“Now how dat happen? Make it sound simple.”
“It de speerit,” said the old man. “On de face of de water moved de speerit. An’ dat was good. It say so in de Book. From de speerit ariz de man.”
“But now listen here. How come it become substance, if it all de time a spirit?”
“God alone done dat.”
“Holy! Holy! Praise His Name.”
“But has dis spirit got some kind of a shade or color?” asked bubble eyes, deadpan.
“Man, of course not. It colorless.”
“Then how come we is colored” he said, with a triumphant glare.
“Ain’t got nought to do wid dat.”
“I still like to know.”
“God put the spirit in all things,” answered the boy. “He put it in the green leaves an’ the red flowers. He put it in little gold fishes in the water an’ in the big blue sky. That’s how come it came to us.”
“Praise Lawd and utter loud His speechless name.”
“Blow de bugle till it break de sky.”
They fell silent, intent upon the next word. Manischewitz approached.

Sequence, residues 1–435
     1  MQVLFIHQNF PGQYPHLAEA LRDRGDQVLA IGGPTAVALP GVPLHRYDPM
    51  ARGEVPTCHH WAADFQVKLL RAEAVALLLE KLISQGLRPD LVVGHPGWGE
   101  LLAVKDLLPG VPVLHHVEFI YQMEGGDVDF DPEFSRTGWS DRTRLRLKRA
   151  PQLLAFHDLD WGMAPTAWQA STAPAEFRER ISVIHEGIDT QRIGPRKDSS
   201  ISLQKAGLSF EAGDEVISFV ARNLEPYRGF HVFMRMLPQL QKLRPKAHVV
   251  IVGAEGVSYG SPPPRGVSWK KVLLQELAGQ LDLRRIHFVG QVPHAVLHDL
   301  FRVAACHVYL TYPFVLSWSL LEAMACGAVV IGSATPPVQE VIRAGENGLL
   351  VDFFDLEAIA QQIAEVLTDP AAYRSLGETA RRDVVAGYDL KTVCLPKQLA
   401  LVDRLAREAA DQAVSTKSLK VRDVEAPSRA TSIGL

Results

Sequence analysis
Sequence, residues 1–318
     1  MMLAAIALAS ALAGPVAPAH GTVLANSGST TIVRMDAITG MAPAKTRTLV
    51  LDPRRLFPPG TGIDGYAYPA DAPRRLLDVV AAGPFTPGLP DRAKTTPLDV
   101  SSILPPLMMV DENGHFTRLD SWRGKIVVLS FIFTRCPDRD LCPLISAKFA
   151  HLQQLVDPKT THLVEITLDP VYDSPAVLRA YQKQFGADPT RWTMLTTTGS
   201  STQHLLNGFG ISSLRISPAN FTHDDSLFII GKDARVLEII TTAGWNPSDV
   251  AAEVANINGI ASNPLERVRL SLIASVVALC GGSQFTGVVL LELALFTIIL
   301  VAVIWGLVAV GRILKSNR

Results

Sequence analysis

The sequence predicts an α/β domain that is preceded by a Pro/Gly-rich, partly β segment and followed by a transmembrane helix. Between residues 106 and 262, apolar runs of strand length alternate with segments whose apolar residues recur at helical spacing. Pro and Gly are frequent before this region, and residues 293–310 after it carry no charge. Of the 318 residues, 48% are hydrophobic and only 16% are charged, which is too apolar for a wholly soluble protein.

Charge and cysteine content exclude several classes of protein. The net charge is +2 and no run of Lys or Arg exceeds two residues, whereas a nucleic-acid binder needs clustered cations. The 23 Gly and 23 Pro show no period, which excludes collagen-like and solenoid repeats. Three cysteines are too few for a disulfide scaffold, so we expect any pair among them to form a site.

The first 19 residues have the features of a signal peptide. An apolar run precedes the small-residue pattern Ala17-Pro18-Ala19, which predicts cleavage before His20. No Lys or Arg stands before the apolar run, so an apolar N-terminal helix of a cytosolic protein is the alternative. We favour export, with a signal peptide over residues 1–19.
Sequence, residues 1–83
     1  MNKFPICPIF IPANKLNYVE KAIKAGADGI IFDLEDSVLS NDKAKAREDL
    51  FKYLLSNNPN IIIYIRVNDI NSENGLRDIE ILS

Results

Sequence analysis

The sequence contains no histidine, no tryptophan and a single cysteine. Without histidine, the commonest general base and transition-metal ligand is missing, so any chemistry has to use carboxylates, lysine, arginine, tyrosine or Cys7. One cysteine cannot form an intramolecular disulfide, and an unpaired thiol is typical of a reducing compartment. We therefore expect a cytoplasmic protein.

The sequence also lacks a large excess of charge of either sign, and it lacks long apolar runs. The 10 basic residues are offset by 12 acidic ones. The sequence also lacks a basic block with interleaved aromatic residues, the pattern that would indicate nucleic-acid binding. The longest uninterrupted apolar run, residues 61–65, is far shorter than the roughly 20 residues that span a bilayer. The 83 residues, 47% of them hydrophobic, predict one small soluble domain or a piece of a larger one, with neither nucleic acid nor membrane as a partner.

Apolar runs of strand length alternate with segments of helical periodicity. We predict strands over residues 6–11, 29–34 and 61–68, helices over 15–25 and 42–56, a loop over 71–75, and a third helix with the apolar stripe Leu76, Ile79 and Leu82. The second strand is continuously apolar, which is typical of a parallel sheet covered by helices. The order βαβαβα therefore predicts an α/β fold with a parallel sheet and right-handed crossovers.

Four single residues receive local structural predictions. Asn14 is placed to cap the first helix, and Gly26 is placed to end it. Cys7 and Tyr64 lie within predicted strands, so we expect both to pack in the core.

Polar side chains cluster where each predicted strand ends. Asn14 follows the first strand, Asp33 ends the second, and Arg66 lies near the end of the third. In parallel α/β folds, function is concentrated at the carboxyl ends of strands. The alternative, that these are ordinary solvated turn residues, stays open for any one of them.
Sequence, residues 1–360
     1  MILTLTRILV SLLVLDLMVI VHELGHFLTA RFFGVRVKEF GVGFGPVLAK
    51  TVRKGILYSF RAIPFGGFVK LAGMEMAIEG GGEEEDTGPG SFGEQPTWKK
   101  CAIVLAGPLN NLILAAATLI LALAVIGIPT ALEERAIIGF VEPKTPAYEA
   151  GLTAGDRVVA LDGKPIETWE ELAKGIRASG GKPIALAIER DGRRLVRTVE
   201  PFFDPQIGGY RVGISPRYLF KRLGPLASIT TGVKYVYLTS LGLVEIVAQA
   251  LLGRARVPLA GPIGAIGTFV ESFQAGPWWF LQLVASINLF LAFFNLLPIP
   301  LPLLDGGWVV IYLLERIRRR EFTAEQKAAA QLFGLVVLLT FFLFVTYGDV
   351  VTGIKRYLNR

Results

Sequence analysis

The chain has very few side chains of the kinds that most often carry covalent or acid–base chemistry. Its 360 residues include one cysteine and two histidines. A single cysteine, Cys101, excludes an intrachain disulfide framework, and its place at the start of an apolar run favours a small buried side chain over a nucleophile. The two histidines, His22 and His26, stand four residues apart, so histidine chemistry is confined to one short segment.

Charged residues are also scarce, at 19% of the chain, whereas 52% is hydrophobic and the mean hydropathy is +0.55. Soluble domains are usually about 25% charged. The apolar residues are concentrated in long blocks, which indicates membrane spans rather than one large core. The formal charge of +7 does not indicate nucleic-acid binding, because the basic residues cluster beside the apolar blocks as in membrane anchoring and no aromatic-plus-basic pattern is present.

“You’ll excuse me,” he said. “I am looking for Alexander Levine. You know him maybe?”
“That’s the angel,” said the boy.
“Oh, him,” snuffed bubble eyes.
“You’ll find him at Bella’s. It’s the establishment right across the street,” the humpback said.
Manischewitz explained that he could not stay, thanked them all, and limped across the street. It was already night. The city was dark and he could barely find his way.
But Bella’s was bursting with strains of blues. Through the window Manischewitz recognized the dancing crowd and among them sought Levine. He was sitting loose-lipped at Bella’s side table. They were tippling from an almost empty whiskey fifth. Levine had shed his old clothes, wore a shiny new checkered suit, pearl-gray derby, cigar, and big two-tone button shoes. To the tailor’s dismay, a drunken gaze had settled upon Levine’s formerly dignified face. He leaned toward Bella, tickled her ear lobe with his pinky, and whispered words that sent her into gales of raucous laughter. She fondled his knee.
Manischewitz, girding himself, pushed open the door and was not well received.
“This place reserved.”
“Beat it, pale puss.”
“Exit, Yankel, Semitic trash.”
He gasped, but moved towards the table where Levine sat, the crowd breaking before him as he hobbled forward.
“Mr. Levine,” he spoke in a trembly voice. “Is here Manischewitz.”
Levine glared through bleary eyes.
“Speak yo’ piece, son.”
Manischewitz shivered. His back plagued him. Cold tremors tormented his crooked legs.
“You’ll excuse me. I would like to talk to you in a private place.” He looked around, but people were everywhere and all of them listening.